Last week on Twitter, I saw a tweet which really made me think. @Teachingideas said: “If your children could describe your teaching in one word, what would it be?” I began to wonder what my children would actually say if I asked them. So, I did.

One post-it, one word, no names, no repercussions.

It took a couple of attempts: I told the children that anyone who had written down what they thought I wanted to see should come and get another post-it and have another go. Half the class came back. Then I told them that anyone who had commented on me and not my lessons should also come and get another post-it. Half of those who were left came back. I’m not sure that “pretty” or “funny” are really the best words to describe my lessons! But, after a bit of to-ing and fro-ing and a fairly hefty pile of post-its, I think we got there.

There was, of course, the predictable pile of good/fantastic/amazing comments that some of the less discerning children wrote down. “Challenging” came up a few times. “Easy” came up once (note to self – more differentiation needed there), but the overwhelming response seemed to be “fun”.

I can live with that.

Could there have been a better response to this? I’m not sure. If they had all come back to me saying that my lessons were challenging, then I guess a big box would have been ticked. Had they all said they were easy, well, I would have been in trouble. But fun? Does that mean that they are all learning? I think they are.

Fun, to me, indicates motivation. Motivation indicates a desire to do well, which increases the children’s chances of succeeding. If the children are enjoying what they are doing, then they are more susceptible to learning. I’m really glad the children are all having fun: I made a conscious effort at the start of this year to change my teaching approaches. It’s all too easy to slip into lazy habits: churning out old lesson plans, opting for “sit down and get on with it” activities, photocopying lots of worksheets. Of course, there’s a place for reusing old ideas. Why reinvent the wheel every year? And if a lesson works really well, why change it just for the sake of it? But it’s too easy to rely on lessons that aren’t that great, just because they’re already planned.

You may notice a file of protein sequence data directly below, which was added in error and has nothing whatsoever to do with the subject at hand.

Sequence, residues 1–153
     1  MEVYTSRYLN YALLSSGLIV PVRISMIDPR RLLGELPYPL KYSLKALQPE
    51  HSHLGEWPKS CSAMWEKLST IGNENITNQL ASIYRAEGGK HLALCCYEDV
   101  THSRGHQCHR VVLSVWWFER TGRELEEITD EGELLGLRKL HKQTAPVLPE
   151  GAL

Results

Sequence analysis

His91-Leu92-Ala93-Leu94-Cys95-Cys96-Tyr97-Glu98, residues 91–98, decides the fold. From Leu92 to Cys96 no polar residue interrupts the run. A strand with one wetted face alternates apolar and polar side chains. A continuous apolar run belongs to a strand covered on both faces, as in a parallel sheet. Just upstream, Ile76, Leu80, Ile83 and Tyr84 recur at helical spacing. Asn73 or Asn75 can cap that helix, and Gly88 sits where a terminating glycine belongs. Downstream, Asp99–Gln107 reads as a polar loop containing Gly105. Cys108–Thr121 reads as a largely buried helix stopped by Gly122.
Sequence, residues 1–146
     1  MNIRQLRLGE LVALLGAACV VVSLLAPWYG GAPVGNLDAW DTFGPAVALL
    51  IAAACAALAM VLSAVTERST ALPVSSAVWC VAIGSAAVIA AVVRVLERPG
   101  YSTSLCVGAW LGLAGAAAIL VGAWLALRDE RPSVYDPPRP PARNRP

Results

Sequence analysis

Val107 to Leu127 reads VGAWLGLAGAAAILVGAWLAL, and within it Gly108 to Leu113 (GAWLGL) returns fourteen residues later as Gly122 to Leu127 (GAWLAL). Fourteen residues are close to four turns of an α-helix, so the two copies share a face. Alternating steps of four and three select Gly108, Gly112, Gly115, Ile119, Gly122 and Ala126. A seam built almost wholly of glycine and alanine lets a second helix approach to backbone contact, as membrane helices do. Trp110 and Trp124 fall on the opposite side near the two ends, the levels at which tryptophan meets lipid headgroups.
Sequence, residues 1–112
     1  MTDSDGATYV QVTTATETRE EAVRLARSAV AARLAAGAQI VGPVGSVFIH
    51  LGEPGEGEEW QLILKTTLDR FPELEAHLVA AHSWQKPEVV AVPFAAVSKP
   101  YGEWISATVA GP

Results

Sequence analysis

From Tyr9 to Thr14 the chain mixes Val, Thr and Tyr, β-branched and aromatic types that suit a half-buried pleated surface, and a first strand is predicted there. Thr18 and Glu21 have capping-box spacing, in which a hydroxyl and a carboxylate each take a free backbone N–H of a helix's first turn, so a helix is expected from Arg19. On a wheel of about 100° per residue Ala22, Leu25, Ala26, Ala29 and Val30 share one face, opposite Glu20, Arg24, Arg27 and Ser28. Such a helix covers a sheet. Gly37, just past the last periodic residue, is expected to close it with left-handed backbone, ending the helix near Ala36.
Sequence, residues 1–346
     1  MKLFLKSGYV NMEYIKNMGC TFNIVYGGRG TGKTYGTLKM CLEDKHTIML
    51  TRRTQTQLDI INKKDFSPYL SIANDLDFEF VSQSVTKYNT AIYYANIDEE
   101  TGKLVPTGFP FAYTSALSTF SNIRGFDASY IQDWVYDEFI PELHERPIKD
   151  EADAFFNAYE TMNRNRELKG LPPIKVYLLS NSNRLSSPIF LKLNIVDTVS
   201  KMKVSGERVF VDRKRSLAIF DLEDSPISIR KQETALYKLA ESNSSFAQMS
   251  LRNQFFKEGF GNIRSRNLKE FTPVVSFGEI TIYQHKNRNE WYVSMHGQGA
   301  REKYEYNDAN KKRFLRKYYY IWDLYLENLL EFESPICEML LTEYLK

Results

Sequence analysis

This year has been a great year for me. A new year group, a new curriculum; I made a conscious effort to avoid any old plans and to start again from scratch. It’s been a lot of work, but it has actually been refreshing and invigorating. We’ve made human molecular structures, pretended to be Roman emperors, based literacy around CBBC characters, invented rainforest animals and even made poo. I’ve been as excited by lots of the activities as the children, perhaps even more so. I do wonder if this is part of the reason why the children think the lessons are fun: they can see I’m enjoying myself too. I’m actually enjoying planning – something I’m not sure I’ve ever really experienced before. I’m loving trawling the internet for new ideas, searching through Pinterest to find what others have been doing. Twitter continues to amaze me: there are so many inspirational teachers out there doing fantastic work which isn’t always quite within my reach at school, but who give me ideas as starting points. I’d like to think that perhaps one day, others might look at some of my ideas and think that they’re pretty good too. We talked a lot at our staff meeting tonight about inspiration being a key to successful learning. That’s what I’d like to be: an inspiration. I’d like to be that teacher that someone, one day, says: “I remember her. She was the reason I…” I’m not sure I’ve ever really felt that strongly about it before, I’ve just really got on with the job. A colleague told me tonight that I was her inspiration. It was said slightly tongue-in-cheek, but mostly seriously, and it almost made me cry.

I know I can’t be an inspiration to everyone: there are always going to be children who don’t like my way of teaching or who think I’m too strict, and staff who are willing me to shut up about another crazy idea I’ve found online, but if we can all come to school and have fun while we’re learning, then perhaps this year might just be a memorable one for us all.

And for any teachers out there who are brave enough to ask, find out from your children what their word would be.

One post-it, one word, no names, no repercussions.

I dare you.


2 thoughts on “One word. I dare you.

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